Stalham’s Doreen raises £32,000-plus for Teenage Cancer Trust in memory of grandson

PUBLISHED: 15:46 04 December 2012

Doreen Wright on her final day of running the Teenage Cancer Trust stall at Stalham flea market.

Doreen Wright on her final day of running the Teenage Cancer Trust stall at Stalham flea market. PHOTO: ANTONY KELLY

Archant Norfolk 2012

A grandmother who wanted to do something practical to help when her young grandson was battling cancer, has hung up her charity collecting tin after raising more than £32,000.

Doreen Wright started selling bric-a-brac in Stalham Town Hall in 2003, in aid of the Teenage Cancer Trust, when her grandson Nick Wright was being treated for bone cancer at Addenbrooke’s Hospital, Cambridge.

Nick, a former Stalham High School pupil, died from the disease in 2004, aged 17, but Mrs Wright carried on fund-raising to help other young sufferers.

“Nick was having to go into wards with elderly people, or very young children, which wasn’t very comfortable for him,” said Mrs Wright, of Millside, Stalham.

The trust provides facilities at hospitals for teenage cancer patients, and Mrs Wright was delighted when Addenbrooke’s opened its first such specialist unit this February.

But now she has decided to turn her energies to another good cause and is helping other volunteers to run Stalham’s Poppy Centre charity shop, next door to the town hall.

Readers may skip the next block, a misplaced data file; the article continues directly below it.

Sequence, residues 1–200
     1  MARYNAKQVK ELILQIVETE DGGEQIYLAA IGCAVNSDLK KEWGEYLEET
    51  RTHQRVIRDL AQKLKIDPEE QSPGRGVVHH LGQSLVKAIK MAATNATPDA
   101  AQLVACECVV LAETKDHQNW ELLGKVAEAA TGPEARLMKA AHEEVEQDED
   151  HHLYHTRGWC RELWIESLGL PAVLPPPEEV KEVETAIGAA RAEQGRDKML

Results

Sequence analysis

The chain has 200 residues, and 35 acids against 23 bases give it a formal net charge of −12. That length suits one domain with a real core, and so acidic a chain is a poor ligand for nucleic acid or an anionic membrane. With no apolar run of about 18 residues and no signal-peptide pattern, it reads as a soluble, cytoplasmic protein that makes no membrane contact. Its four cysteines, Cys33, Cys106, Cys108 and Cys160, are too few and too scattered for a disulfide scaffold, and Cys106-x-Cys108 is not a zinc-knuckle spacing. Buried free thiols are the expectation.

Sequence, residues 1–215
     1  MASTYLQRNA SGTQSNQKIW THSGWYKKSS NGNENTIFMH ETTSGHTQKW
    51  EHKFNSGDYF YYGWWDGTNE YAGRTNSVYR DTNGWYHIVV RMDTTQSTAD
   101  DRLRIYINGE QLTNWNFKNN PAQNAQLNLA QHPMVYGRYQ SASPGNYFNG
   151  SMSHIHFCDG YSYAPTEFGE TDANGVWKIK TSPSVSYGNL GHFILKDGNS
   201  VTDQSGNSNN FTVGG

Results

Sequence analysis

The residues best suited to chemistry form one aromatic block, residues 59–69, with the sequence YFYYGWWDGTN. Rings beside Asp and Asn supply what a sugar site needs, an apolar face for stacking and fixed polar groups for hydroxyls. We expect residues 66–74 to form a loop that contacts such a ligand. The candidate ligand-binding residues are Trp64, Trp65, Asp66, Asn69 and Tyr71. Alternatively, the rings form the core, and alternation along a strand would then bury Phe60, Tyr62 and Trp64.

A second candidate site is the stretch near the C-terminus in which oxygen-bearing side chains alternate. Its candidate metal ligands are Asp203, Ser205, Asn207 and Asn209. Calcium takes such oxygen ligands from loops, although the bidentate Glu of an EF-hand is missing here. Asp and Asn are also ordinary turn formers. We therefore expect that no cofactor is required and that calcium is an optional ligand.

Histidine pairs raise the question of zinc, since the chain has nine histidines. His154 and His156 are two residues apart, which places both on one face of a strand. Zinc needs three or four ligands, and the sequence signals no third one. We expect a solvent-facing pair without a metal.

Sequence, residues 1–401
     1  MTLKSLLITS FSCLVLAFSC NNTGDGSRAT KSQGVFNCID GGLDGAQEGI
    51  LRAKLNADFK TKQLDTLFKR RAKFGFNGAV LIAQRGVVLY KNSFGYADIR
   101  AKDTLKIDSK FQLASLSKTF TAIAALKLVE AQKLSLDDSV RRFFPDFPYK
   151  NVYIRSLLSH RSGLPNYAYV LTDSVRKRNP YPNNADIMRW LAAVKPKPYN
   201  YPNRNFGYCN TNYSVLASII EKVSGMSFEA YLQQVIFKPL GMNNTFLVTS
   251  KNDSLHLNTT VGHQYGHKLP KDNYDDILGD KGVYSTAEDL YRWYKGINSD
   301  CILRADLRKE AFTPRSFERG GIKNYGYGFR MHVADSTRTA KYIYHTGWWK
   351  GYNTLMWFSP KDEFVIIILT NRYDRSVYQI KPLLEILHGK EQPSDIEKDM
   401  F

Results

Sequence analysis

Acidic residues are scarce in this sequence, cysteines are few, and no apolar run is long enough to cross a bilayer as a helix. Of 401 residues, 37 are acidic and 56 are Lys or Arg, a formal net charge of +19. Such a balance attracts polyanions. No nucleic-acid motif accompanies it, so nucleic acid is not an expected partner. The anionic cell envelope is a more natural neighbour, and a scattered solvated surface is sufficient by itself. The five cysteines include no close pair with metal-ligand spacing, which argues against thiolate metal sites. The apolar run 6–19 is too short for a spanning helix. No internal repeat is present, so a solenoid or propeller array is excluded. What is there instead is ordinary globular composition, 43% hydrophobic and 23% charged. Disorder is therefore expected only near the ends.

In just five months the shop, which is open six days a week, is nearly a quarter of the way to its £100,000 fund-raising target to finish the Poppy Centre youth amenities building, on Stalham Recreation Ground.

Mrs Wright said she had loved meeting people and running the bric-a-brac stalls but was looking forward to clearing her house of goods waiting to be sold.

“I would like my house back now. We’ve been living in a bit of a tip - stuff behind and on top of everything,” she added.

But she has not entirely closed the door on the idea of raising more money for the trust in the future.

She said: “If somebody came up with a lot of lovely goodies you never know what might happen - I might run the odd one again.”

Over the years Mrs Wright said she had found that tombolas with teddy bears as prizes had proved a particularly lucrative money-spinner.

She first got involved with the trust through helping another Stalham resident, Jan Sadler, who had lost a granddaughter to cancer, with occasional sales at Mrs Sadler’s home.

After Mrs Sadler bowed out, Mrs Wright carried on in the town hall, helped by loyal supporter Hilary Starling.

Stalham Town Council recognised Mrs Wright’s achievements earlier this year when she was presented with a Stalham Community Award.

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